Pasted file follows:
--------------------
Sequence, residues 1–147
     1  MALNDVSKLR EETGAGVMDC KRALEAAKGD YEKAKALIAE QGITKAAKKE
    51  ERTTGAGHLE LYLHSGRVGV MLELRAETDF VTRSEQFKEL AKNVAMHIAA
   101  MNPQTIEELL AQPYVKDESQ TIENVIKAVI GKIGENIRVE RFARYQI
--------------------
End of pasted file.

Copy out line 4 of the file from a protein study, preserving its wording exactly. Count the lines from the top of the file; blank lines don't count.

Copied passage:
   101  MNPQTIEELL AQPYVKDESQ TIENVIKAVI GKIGENIRVE RFARYQI